As in Heaven, so on Earth: The Politics of Viṣṇu, Śiva and Harihara Images in Preangkorian Khmer Civilisation
by Paul Lavy
Publication: Journal of Southeast Asian Studies, Vol. 34, No. 1, pp. 21-39 | Cambridge University Press on behalf of Department of History, National University of Singapore
Published: February 2003
Language : English
This stimulating synthesis on syncretism in pre-Angkorean Khmer space, mostly during the 7th and 8th centuries, show how the mainstream representations of deities slowly shifted from the centrality of Vishnu and Shiva to Harihara's preeminent images and references.
Notes the author: 'The sudden interest in Harihara during the middle of the seventh century corresponds to the political interests or, perhaps more accurately, the territorial aspirations of Isanavarman, Bhavavarman II and Jayavarman I, all of whom seem to have maintained similar realms with control strongly held in Kompong Thorn (and Prey Veng) but decreasingly exerted toward the south and southwest where local elites merely evoked [their] suzerainty while maintaining their own local authority'. The distribution of the inscriptions of Isanavarman and Jayavarman indicate, as [Michael] Vickery makes clear, that both rulers endeavoured 'to maintain administrative control over certain coastal areas which would have been ports of Funan'.'
Furthermore, adds the author, 'Harihara, then, served as a visual expression of the integration of varying regional styles of rule rooted in the symbolism and power of Siva and Visnu. This would also explain the relatively large numbers of Harihara images that appeared throughout Cambodia during the second half of the seventh century and the first half of the eighth (...) All of this was built on foundations initially laid by Is?navarman and revealed by his extensive building programme and large corpus of inscriptions, both all the more remarkable for being the earliest securely dated Khmer material.'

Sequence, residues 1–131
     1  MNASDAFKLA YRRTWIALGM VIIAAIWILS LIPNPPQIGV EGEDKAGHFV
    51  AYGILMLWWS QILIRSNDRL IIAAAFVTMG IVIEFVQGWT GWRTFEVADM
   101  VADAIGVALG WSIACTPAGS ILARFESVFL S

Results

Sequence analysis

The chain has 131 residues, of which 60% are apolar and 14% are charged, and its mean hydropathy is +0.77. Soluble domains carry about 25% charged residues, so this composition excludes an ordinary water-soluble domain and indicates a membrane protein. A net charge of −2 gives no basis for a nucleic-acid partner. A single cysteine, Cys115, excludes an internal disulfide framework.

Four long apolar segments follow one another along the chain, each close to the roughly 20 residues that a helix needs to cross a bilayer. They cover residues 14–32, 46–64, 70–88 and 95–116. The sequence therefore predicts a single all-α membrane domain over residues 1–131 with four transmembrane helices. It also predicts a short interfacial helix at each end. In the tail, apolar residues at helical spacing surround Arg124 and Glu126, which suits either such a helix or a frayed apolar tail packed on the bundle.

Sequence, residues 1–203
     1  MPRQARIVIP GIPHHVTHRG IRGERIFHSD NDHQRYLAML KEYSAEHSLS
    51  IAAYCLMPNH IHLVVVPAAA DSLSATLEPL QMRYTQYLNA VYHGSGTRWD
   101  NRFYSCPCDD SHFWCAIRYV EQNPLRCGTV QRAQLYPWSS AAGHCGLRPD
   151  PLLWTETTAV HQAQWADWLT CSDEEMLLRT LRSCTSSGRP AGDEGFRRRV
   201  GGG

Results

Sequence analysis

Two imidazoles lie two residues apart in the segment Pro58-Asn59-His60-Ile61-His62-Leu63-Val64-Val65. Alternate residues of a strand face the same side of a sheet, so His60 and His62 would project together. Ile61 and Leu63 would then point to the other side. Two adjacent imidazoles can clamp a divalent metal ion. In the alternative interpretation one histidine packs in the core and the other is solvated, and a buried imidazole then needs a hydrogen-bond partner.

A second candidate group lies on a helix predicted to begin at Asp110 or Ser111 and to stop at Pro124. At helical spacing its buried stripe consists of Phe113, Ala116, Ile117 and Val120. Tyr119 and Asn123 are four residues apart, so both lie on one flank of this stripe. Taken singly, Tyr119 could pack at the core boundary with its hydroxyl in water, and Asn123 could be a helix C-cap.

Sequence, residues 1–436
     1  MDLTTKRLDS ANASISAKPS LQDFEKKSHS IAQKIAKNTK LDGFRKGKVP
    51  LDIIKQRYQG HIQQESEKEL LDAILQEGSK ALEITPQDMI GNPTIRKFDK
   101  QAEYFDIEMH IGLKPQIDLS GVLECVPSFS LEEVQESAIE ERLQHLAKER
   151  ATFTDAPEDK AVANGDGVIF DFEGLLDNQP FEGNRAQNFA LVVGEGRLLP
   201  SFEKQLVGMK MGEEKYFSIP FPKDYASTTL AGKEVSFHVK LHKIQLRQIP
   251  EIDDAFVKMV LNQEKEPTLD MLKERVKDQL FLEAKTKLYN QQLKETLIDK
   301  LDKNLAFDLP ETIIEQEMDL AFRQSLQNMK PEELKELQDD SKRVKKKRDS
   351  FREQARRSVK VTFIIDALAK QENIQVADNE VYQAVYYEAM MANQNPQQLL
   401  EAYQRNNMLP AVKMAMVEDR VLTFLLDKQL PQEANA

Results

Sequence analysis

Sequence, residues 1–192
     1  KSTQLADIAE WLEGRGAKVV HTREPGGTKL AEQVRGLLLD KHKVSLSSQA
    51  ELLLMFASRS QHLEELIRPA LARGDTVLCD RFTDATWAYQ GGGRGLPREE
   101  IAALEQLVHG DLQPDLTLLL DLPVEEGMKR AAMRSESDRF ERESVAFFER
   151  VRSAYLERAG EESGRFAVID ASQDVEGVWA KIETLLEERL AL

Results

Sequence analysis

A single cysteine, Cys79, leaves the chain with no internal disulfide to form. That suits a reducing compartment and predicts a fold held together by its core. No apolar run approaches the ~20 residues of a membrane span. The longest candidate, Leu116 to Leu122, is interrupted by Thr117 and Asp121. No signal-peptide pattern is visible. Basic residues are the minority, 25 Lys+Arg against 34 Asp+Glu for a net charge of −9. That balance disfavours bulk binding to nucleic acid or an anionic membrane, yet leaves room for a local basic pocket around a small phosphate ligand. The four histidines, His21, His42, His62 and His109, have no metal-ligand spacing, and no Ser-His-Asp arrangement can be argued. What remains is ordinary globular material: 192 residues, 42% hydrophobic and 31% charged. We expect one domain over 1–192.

Photo: A sandstone sculpture of Harihara, 'the hybrid deity', from 7th-century Southern Cambodia (MET Collection)
About the Author
An associate professor at University of Hawaii Manoa, Paul A. Lavy received his BA in cultural anthropology and his MA and PhD in South and Southeast Asian art history. He taught ancient art history at Loyola Marymount University, Los Angeles, and Asian and Islamic art history at Pennsylvania State University, University Park.
His ongoing research, which has been funded by the University of Hawaii Research Council, the Metropolitan Museum of Art, the Asian Cultural Council, and the National Security Education Program, investigates the links between art/architecture and political history in early historic Southeast Asia, primarily the Hindu-Buddhist artistic traditions associated with the Mekong Delta and Preangkorian Khmer civilization, and their relationships with the art of South Asia. He is currently researching and writing a book on early sculpture from Thailand, Laos, Cambodia, and Vietnam, The Crowned Gods of Early Southeast Asia.